An Optimal Balanced Partitioning of a Set of 1D Intervals

An Optimal Balanced Partitioning of a Set of 1D Intervals

Chuan-Kai Yang (National Taiwan University of Science and Technology, Taiwan)
Copyright: © 2010 |Pages: 8
DOI: 10.4018/jalr.2010040106

Abstract

Given a set of 1D intervals and a desired partition number, in this paper, the author examines how to make an optimal partitioning of these intervals, such that the number of intervals between the largest partition and smallest partition is minimal among all possible partitioning schemes. This problem has its difficulty due to the fact that an interval “striding” multiple partitions should be counted multiple times. Previously the author proposed an approximated solution to this problem by employing a simulated annealing approach (Yang & Chiueh, 2006), which could give satisfactory results in most cases; however, there is no theoretical guarantee on its optimality. This paper proposes a method that could both optimally and deterministically partition a given set of 1D intervals into a given number of partitions. The author shows that some load balancing problems could also be formulated as a balanced interval partitioning problem.
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1. Motivation And Introduction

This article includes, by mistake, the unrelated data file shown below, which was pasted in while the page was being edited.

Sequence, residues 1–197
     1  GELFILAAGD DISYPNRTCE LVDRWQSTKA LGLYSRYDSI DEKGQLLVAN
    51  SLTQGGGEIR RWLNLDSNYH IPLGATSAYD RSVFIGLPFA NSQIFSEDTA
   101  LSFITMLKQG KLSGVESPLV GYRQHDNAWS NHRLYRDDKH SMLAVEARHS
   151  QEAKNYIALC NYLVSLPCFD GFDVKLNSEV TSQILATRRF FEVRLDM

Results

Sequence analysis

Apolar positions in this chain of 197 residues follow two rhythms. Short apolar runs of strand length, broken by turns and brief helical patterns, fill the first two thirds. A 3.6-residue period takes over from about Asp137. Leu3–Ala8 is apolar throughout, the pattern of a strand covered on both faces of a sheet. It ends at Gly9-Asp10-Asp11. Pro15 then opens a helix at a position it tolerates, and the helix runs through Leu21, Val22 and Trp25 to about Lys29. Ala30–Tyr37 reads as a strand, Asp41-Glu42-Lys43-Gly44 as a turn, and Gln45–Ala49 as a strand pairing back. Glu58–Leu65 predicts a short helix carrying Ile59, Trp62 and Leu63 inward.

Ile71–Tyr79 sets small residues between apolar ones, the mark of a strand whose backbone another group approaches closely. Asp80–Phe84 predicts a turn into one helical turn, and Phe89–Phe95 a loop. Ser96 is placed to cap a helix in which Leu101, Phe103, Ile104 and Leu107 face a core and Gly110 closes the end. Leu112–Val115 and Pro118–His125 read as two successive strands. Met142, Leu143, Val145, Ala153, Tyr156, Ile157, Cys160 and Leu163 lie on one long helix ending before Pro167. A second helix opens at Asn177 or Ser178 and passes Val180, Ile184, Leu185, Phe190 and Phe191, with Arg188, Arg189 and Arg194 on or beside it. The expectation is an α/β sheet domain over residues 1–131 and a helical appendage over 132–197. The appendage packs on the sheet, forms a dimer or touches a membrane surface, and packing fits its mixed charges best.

How to partition a set of 1D intervals into balanced partitions is what to be discussed in this paper, and such a problem originally arisen from dealing with efficient volume visualization. Volume visualization, sometimes deemed a sub-field of computer graphics, aims to provide 2D images, or more specifically, 2D visualizations, from a so called 3D volume dataset, which is normally composed of a stack of 2D images. Instead of distributing data values on 2D grid points like a 2D image, a volume dataset generalizes the distribution to 3D grid points. Iso-surface extraction is one of the most popular methods to visualize a volume dataset, where an iso-value is first given, and then the corresponding iso-surface, representing the surface intersecting with the given value, is extracted and represented by a set of interpolated triangles. These triangles could later be sent to a graphics card to be rendered into images. As technology advances, nowadays data acquisition devices tend to collect or generate data with higher and higher precision, thus leading to volume datasets of huge sizes. The visualization of a huge volume dataset usually would cause problems as such a task normally needs to bring in the whole dataset into the main memory before any further processing could start. As the size of a huge volume dataset could be more than several GBytes, the scenario of an out-of-core processing arises (Cox & Ellsworth, 1997; Cox, 1997; Ueng et al., 1997), which means the required memory for data processing is larger than a system could provide. To address this, data partitioning is one popular approach, such as the method proposed by Chiang et al. (1998). Since volume visualization is often the most important purpose that a dataset was collected or generated in the first place, it should be taken into account when dealing with data partitioning. In Chiang et al.'s (1998) approach, they partition a volume dataset spatially so that each resulting partition could be loaded into the main memory and processed individually without incurring any virtual memory overheads, namely, memory swappings or pagings. The extracted iso-surface is an aggregate result from each partition. Such a paradigm, though simple, has the following drawback: unless some clever pre-processing is employed, all the partitions need to be examined for iso-surface intersection. We argue that a different partitioning scheme may sometimes offer better processing efficiency. That is, instead of partitioning a volume dataset based on spatial information, we could decompose a dataset into layers based on the data values associated with the grid points, and each layer represents a portion of data bearing a particular value range. Such a partitioning has the advantage that for an iso-value query, at most one layer is needed for extracting the iso-surface, thus making it an attractive scheme. Furthermore, the result is a continuous or integrated representation, rather than a segmented one faced in the case of a spatial partitioning, where a post stitching or merging may be needed for smoothing or reducing the rendering traffic sent to graphics cards afterward. However, there are also two issues associated with this kind of partitioning approach. First, it is not suitable for a volume dataset with high data variation, such as some of the datasets obtained from CFD (computational fluid dynamics) simulation, since a value-based partitioning may lead to decompositions that are too fragmented, thus incurring extra representation overheads. Second, how to make a balanced partitioning is in fact more difficult that it seems, as will be explained in detail in later sections. For the ease of ensuing discussion, we will refer to the first type of partitioning a space-based or coordinate-based scheme, while the second type of partitioning a value-based or layer-based scheme. Previously (Yang & Chiueh, 2006) have shown that how a balanced (with a slightly different definition of balance) partitioning could be achieved by a simulated annealing approach. Though efficient, such a soft optimization method can neither guarantee the optimality nor provide a theoretical analysis of the result. In this work, we provide a dynamic programming approach that could find an optimal solution to this problem.

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